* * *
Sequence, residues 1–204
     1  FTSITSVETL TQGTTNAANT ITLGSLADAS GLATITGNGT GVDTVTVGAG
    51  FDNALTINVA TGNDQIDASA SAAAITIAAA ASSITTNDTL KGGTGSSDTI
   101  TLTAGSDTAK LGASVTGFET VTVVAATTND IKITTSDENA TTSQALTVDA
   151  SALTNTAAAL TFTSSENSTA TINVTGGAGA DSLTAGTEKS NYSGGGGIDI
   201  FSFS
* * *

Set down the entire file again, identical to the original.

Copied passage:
Sequence, residues 1–204
     1  FTSITSVETL TQGTTNAANT ITLGSLADAS GLATITGNGT GVDTVTVGAG
    51  FDNALTINVA TGNDQIDASA SAAAITIAAA ASSITTNDTL KGGTGSSDTI
   101  TLTAGSDTAK LGASVTGFET VTVVAATTND IKITTSDENA TTSQALTVDA
   151  SALTNTAAAL TFTSSENSTA TINVTGGAGA DSLTAGTEKS NYSGGGGIDI
   201  FSFS